Why Does My Dog Dig?

If you are a dog owner, there is a good chance that you’ve come home to find your backyard has been turned inside out and upside down by your beloved pooch. Digging is a common behaviour in dogs and is an instinctual trait that they inherited from their wild wolf ancestors. Certain breeds such as terriers are more prone to digging due to the behaviour being encouraged for the purpose of hunting.

But if you have had enough of falling in holes whenever you step out into your backyard or your dog has escaped underneath your fence, again, you might want to keep reading to see what steps you can take to stop your dog from digging.

A black dog with a red collar is lying on grass

Why Do Dogs Dig?

Dogs can dig for many reasons. Some dig to seek prey that has burrowed underground such as rodents and insects. Dogs dig to entertain themselves or to alleviate anxiety. They will also dig to bury toys or treats. If they have seen you digging in the yard, they may think they are also allowed to dig up your prized petunias. Dogs will dig under fences to escape yards to seek a mate, relieve boredom or if they are scared. Identifying the reason why your dog digs is the first step in stopping their digging behaviours.

A brown dog is digging a large hole in the sand at the beach

Time To Stop The Digging

Once you have identified why your dog digs, you can make some changes to your yard and routine to discourage further digging.

If your dog digs to:

  • Chase or seek prey – You can discourage rodents from entering your yard by setting traps or using poison, but you should use poison with caution, as it may be poisonous to your dog as well.
  • Keep cool – Ensure that you are providing adequate shelter for your dog that will allow them to lay comfortably in full shade.
  • Bury food or toys or for fun – You may wish to direct their digging to an area just for them such as a sandpit. You can bury rubber bones or their favourite toys to encourage them to dig in this new location. Reward your dog when they dig in their allocated spot with praise or a treat.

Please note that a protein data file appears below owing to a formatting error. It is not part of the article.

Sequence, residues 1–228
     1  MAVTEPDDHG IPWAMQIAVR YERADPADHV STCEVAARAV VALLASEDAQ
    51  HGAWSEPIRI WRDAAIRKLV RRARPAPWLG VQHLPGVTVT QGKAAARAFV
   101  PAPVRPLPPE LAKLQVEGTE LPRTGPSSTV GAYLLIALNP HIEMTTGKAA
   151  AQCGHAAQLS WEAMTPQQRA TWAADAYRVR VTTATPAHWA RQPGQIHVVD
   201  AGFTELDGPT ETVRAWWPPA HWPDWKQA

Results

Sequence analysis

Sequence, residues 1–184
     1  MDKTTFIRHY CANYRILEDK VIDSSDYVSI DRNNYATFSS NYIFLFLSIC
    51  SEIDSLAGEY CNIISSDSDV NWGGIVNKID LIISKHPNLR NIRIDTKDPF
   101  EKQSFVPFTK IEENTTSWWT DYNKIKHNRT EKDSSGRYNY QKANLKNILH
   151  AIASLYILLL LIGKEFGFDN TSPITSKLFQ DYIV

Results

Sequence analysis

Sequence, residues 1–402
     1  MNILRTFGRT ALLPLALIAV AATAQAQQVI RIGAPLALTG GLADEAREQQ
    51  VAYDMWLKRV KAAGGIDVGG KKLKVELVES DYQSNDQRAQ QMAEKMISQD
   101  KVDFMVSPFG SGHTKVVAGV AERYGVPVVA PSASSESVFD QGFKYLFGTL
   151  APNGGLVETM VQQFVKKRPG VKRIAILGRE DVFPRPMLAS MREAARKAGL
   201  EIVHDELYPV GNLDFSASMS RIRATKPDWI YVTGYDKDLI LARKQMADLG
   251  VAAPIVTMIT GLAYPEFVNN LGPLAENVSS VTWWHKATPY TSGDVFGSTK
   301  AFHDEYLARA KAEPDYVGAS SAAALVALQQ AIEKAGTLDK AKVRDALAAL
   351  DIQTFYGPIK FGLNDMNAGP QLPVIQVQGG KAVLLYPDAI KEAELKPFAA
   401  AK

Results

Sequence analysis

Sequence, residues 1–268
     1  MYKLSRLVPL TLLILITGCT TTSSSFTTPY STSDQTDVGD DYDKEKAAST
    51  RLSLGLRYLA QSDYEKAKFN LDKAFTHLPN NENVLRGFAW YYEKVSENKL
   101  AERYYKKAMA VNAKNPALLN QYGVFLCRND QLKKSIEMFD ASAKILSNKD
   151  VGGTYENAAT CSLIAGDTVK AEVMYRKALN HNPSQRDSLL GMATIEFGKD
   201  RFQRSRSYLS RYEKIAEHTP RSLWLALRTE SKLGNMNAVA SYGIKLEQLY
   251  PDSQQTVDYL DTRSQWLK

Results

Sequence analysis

• Alleviate boredom – Bored dogs will dig just to have something to do, or may dig underneath your fence so they can head out in search of a mate or some adventure. Ensure you are providing your dog with plenty of toys to entertain themselves. A long walk once a day or multiple walks a day will help to discourage them from escaping in search of adventure.
A dog digs in the sand at the beach
  • Escape your yard if they are scared – A scared dog will need a safe space for them to retreat too if they feel the need if you are to deter them from escaping your yard. If you are able, install a doggy door so they can access the inside of your house if they are feeling like they need to hide or provide them with a large kennel in a quiet part of the yard that they can escape to.
  • Let off some steam – Some dogs are so full of energy that they feel the need to escape your yard. To avoid this, make sure you are taking your dog on plenty of walks or playing games that will wear them out.
  • Build a den – Pregnant dogs also have a tendency to dig holes because they engage in what is known as denning behaviour prior to them giving birth. They might be discouraged from digging if they are provided with a large whelping box, perhaps with lots of blankets or towels that they can “dig” through to prepare for their pending labour.
A fluffy black dog and a fluffy white dog are playing in a backyard

Bad Dog!

You should never punish your dog for digging. Your dog will only see you giving them attention for their digging and this could inadvertently encourage them to dig even more. A firm “no dig” along with directing your dog to another activity is the best way to tell your dog that their behaviour is not appropriate. You can also discourage your dog from digging by burying chicken wire in the ground, or by placing large rocks or a fence around their favourite places to dig. Avoid using fertilisers such as blood and bone which can smell tempting to dogs and may encourage them to dig.

A brown and white bulldog is pictured in a yard with a ball

Last Resort

If you have tried every trick under the sun to stop your dog from digging to no avail, you may wish to enlist the help of a veterinary behavioural specialist who will help you to determine the cause of your dogs digging and can provide further advice on getting your dog to stop.

Check out our range of boredom-busting dog toys here.

A black, brown and white dog is lying on grass next to a red frisbee

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